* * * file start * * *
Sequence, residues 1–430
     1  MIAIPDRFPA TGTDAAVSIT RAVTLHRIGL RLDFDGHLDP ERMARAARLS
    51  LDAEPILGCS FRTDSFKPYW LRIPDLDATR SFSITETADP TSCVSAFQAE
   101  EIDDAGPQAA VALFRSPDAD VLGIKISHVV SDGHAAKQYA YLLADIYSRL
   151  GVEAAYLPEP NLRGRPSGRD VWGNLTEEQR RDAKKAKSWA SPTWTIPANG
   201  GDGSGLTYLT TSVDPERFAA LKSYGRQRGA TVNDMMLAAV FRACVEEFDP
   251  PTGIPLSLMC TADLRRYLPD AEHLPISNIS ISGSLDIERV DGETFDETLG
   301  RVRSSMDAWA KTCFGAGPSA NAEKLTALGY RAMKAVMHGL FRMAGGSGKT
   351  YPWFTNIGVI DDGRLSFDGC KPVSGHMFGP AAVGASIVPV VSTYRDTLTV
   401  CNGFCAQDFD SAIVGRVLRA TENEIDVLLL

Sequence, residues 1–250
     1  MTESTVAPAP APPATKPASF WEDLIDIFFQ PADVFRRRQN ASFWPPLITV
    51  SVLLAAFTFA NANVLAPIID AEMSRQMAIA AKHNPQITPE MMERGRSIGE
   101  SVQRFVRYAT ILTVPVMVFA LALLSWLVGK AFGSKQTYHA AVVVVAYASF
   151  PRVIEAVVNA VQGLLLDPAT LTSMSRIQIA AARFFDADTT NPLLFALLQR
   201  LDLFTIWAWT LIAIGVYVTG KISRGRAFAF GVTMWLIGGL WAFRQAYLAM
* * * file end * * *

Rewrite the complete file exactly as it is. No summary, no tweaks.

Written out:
Sequence, residues 1–430
     1  MIAIPDRFPA TGTDAAVSIT RAVTLHRIGL RLDFDGHLDP ERMARAARLS
    51  LDAEPILGCS FRTDSFKPYW LRIPDLDATR SFSITETADP TSCVSAFQAE
   101  EIDDAGPQAA VALFRSPDAD VLGIKISHVV SDGHAAKQYA YLLADIYSRL
   151  GVEAAYLPEP NLRGRPSGRD VWGNLTEEQR RDAKKAKSWA SPTWTIPANG
   201  GDGSGLTYLT TSVDPERFAA LKSYGRQRGA TVNDMMLAAV FRACVEEFDP
   251  PTGIPLSLMC TADLRRYLPD AEHLPISNIS ISGSLDIERV DGETFDETLG
   301  RVRSSMDAWA KTCFGAGPSA NAEKLTALGY RAMKAVMHGL FRMAGGSGKT
   351  YPWFTNIGVI DDGRLSFDGC KPVSGHMFGP AAVGASIVPV VSTYRDTLTV
   401  CNGFCAQDFD SAIVGRVLRA TENEIDVLLL

Sequence, residues 1–250
     1  MTESTVAPAP APPATKPASF WEDLIDIFFQ PADVFRRRQN ASFWPPLITV
    51  SVLLAAFTFA NANVLAPIID AEMSRQMAIA AKHNPQITPE MMERGRSIGE
   101  SVQRFVRYAT ILTVPVMVFA LALLSWLVGK AFGSKQTYHA AVVVVAYASF
   151  PRVIEAVVNA VQGLLLDPAT LTSMSRIQIA AARFFDADTT NPLLFALLQR
   201  LDLFTIWAWT LIAIGVYVTG KISRGRAFAF GVTMWLIGGL WAFRQAYLAM